One morning King Pharaoh woke in his bed / There were frogs in his bed and frogs on his head / Frogs on his nose and frogs on his toes / Frogs here, frogs there, frogs just jumping everywhere!
If you’ve been to any Seder with children in attendance in the past twenty-five years, you’ve heard that song. It’s so common that it’s practically a part of the Haggadah.
So when I was searching for a topic for my next children’s book, the frogs were calling to me, “Ribbit!”
Of course, I knew if I wanted to write a book based on the song, I needed to find the song’s author and obtain permission to use it. No problem. There had to be documentation . . . right? I dug around and found a nursery school song sheet. On top it read, “Song written by: Shirley Cohen.”
Guess how many hits you get when you Google “Shirley Cohen”?
6,500,000. Really. And so began my quest for Shirley.
I pursued every lead. I discovered the original records she made for a company called Kinor Records. Unfortunately, it was out of business. I found the song in the Florida State University Archive, which led me to the Brooklyn company that had bought Kinor Records. The man from Brooklyn with a thick—was it a Chassidic?—accent assured me that he had the master recording (AHA!), but not the rights to the song. Dead end.
One Jewish music authority speculated that Shirley had moved to Florida. Other experts shrugged their shoulders. They all knew the song, but they didn’t know Shirley. After many more false starts and dead ends, Ina Cohen, reference librarian at the Jewish Theological Seminary in New York, discovered an article on the Jewish Federation of Ottawa’s web site about Shirley’s upcoming performance at the Soloway Jewish Community Centre, where Shirley is a member.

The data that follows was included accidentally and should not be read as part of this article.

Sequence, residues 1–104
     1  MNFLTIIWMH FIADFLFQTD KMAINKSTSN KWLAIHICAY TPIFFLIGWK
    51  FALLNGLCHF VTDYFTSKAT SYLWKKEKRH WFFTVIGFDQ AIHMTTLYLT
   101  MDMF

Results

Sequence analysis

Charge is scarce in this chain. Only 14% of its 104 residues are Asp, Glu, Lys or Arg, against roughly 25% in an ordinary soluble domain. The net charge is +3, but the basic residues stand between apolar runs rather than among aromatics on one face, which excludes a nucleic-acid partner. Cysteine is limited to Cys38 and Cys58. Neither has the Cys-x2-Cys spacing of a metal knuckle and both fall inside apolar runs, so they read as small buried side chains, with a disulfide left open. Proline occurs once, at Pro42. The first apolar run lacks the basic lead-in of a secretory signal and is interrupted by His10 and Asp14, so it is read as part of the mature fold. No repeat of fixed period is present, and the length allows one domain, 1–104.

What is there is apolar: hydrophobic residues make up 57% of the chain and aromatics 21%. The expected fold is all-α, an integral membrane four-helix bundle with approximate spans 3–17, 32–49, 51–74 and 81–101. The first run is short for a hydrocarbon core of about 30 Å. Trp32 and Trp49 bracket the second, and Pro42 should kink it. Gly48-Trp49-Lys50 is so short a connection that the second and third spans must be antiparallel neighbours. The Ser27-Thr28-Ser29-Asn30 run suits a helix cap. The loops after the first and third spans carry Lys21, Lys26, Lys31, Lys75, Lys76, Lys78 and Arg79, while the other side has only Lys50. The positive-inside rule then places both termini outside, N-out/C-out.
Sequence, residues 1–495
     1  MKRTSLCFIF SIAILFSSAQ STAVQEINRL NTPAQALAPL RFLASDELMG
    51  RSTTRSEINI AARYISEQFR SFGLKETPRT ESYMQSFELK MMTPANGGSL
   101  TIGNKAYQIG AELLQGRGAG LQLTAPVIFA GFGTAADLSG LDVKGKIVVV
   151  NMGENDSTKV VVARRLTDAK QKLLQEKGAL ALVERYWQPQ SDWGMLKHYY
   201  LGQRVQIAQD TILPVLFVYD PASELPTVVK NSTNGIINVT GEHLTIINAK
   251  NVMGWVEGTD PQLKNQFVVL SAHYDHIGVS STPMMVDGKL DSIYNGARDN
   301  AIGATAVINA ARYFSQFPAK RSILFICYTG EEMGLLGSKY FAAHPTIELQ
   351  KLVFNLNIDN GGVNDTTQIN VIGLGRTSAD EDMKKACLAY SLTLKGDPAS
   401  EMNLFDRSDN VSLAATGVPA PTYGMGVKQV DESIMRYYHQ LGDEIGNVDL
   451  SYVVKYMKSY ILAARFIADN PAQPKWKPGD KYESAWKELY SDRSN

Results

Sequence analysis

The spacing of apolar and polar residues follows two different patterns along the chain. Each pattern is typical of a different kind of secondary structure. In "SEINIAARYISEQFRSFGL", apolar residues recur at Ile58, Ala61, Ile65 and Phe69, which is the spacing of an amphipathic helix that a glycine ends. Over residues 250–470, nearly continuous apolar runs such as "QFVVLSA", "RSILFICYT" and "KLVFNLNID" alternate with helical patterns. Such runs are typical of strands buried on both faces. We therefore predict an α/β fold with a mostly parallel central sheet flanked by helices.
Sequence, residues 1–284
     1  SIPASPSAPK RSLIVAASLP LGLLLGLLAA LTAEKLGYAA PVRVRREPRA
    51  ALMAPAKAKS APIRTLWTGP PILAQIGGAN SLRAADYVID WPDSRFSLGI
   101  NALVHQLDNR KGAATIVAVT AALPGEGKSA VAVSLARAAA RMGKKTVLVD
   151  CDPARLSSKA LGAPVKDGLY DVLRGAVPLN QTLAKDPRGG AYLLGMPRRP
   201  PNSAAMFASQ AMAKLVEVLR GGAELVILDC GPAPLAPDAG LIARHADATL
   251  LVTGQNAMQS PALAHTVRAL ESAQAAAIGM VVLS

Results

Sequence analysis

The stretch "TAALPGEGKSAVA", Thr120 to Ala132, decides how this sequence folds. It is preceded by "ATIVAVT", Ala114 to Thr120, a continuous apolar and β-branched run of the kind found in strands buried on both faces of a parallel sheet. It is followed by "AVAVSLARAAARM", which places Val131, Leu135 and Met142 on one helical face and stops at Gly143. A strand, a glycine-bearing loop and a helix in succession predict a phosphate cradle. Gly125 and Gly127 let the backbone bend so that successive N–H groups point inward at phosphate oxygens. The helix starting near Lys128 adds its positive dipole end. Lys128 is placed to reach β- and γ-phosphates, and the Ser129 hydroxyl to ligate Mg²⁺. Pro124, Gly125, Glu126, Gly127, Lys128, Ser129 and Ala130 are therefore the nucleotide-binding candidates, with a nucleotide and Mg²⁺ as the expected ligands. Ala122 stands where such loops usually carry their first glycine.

Unbeknownst to me, Shirley was no longer Shirley Cohen. Somewhere along the way, Shirley had become Shirley Cohen-Steinberg.
Today, Shirley lives in Ottawa, and is eighty-seven years young. She wrote “The Frog Song,” and many other children’s songs in the 1950s for her Hebrew school students.
Back then, there were virtually no Jewish songs targeted toward children. “There was very little that had any whimsy or fun—nothing playful,” Shirley later told me. She wrote three records worth of songs to fill that gap, and recorded them for the grand sum of $100 per record.
The rest is history. Today, her songs are used in Sedarim around the world. “For a long time I wasn’t aware of how far they had spread,” says Shirley. “But about three years ago I went to a Seder in Calgary, and a few guests from Australia were there. When they requested that we all sing ‘The Frog Song’—that’s when I realized.”
While her songs have spread across the globe, Shirley rarely recieves credit. Song sheets appear, without attribution, and are copied and shared. Musicians record the song and assume it is in the public domain, like “Chad Gadya.” However, Shirley wrote the song in 1951, and the rights remain with her.
I needed those rights. I had to make that first phone call to Shirley. I was nervous: would she let me use her song? What kind of fee would she demand for the license?
But the phone call went surprisingly well. Shirley actually thanked me! For finding her. For offering to use her song in a book. No, I don’t have to give her a cent, she said. Could I please just make sure her name is on it? Could I make sure her grandkids get copies of the book when it comes out? She was thrilled that children would be able to enjoy her song.
I was shocked.
That’s all she wants? An attribution and a couple of books for her grandkids? That’s it for the song that has traveled the globe?
Shirley could have been bitter and angry at the world for using her song without compensating her. But she isn’t. Instead, she is a creative woman who continues to write, is active in her JCC and is a loving mother and grandmother. She derives nachas from the fact that people are using her song to make children happy.
This was an important mussar lesson for me. As a children’s author, I can get caught up in negotiations and asserting my rights. Sometimes I forget to step back and say, “Oh yeah, I’m in this for the kids.”
May the joy and frogs continue to multiply across all our Seder tables this year and in years to come. Have a happy—and hoppy—Passover.
(And don’t worry, Shirley is getting royalties for this books, as she well deserves.)
Listen to Shirley’s original recordings here:
Ann D. Koffsky is the author/illustrator of more than thirty books for children. See more of her work, including her newest book, Frogs in the Bed (Behrman House, New Jersey, 2014), at www.annkoffsky.com.